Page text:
Figure 2 shows the result of applying our reconstruction approach to the three image sets containing wheat, rice and the artificial plant. Quantitative evaluation of the effectiveness of any 3D shoot reconstruction is challenging due to a lack of ground truth models for comparison. Here we offer a qualitative evaluation of the benefits and shortcomings of our approach using these plants, followed by a quantitative evaluation using the virtual rice dataset.

Results on all three datasets showed that the initial surface estimate, obtained by calculating an \(\alpha \)-shape over each cluster, will naturally reproduce any flaws present in the PMVS point cloud. Most notable are the lack of point information in areas of poor texture, and noise perpendicular to the leaf surface, where depth has not been adequately resolved. These issues can be caused by the heavy self-occlusion observed in more dense plants or canopies, but are often caused in even simple datasets by a lack of image features in the centre of leaves. The artificial plant contains much larger leaves, however, texture is generally sufficient to provide a reliable set of points over each leaf surface.

Depth noise is significantly reduced by the use of best fit planes over small clusters, where all points are projected onto a single surface. However, the boundary of each surface is a function of the parameters used to create the \(\alpha \)-shape, and the quality of the underlying data. As such, we can expect the \(\alpha \)-shape boundaries to be a poor representation of the true leaf shape. With this in mind, we would characterise a successful reconstruction as one that significantly improves upon the initial surface estimate, through the optimisation of the each surface boundary.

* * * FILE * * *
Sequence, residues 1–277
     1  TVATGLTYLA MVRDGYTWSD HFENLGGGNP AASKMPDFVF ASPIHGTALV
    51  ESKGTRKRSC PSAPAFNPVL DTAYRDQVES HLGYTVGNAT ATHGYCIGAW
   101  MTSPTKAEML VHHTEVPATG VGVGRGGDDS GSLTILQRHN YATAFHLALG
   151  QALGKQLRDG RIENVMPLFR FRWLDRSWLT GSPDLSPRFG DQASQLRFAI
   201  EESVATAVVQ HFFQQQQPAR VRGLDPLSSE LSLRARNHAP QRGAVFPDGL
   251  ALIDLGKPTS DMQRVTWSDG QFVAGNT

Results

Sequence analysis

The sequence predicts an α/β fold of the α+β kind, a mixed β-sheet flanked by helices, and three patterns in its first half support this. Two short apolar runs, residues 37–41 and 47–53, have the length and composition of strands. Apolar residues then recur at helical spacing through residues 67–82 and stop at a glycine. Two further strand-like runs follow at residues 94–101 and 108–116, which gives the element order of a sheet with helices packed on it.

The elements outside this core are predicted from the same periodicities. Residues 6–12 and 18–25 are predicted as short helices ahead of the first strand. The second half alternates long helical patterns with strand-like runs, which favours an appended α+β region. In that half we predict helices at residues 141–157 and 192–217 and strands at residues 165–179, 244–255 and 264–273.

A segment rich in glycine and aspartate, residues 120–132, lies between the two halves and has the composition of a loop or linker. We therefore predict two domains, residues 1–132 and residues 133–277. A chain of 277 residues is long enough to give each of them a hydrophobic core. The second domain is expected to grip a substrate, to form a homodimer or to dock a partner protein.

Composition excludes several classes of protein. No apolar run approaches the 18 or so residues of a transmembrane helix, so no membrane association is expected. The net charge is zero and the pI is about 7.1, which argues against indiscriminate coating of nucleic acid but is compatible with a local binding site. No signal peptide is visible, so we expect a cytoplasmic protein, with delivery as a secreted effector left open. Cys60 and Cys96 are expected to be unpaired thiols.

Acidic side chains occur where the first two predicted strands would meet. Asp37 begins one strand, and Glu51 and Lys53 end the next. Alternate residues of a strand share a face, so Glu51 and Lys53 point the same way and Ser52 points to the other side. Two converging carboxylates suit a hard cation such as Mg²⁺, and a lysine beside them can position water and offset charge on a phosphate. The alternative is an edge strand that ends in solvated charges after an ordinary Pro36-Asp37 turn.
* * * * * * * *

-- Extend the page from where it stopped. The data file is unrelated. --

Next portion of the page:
Notable characteristics of the \(\alpha \)-shape boundaries in both datasets are significant overlap between neighbouring clusters, and frequent missing surface sections (Fig. 3). Figure 3 also shows the refined boundaries after the level set method has been applied, in which missing sections are filled, and overlapping surfaces have been reduced. The results in Fig. 3 are representative of the results over all three datasets.

Fig. 4
figure 4

(Top left) The original rice plant model, based on the plant reconstructed in Fig. 3. Vertices are coloured based on their mm distance to the nearest point on the reconstruction. (Bottom left) Histogram of smallest distances from each vertex on the model to vertices on the reconstruction. (Top right) The reconstruction produced by our approach. Vertices are coloured based on their mm distance to the nearest point on the original model. (Bottom right) Histogram of smallest distances from each vertex on the reconstruction to vertices on the model

While the refined surfaces represent an improvement over both the initial point cloud, and the initial \(\alpha \)-shape surface, there are still notable areas for improvement. By treating each section of leaf as an individually orientated plane, each plane orientation is susceptible to the error within the input cloud. Since each boundary is refined from one reference view, incorrect orientation of the best fit plane might cause the surface boundary to be incorrectly aligned with the image, or neighbouring clusters. Consider Fig. 3 (right), in which two patches have been reconstructed in close proximity. When viewed from the reference view in which boundary refinement occurred, the boundaries of neighbouring patches are in good agreement. A rotated view of the same surfaces, however, shows that misaligned normal orientation can lead to gaps between neighbouring surfaces. Conversely, if the right-hand image had been chosen as \(I_{R}\), the level set equation would increase the size of both boundaries, and overlap would be observed in the left hand view.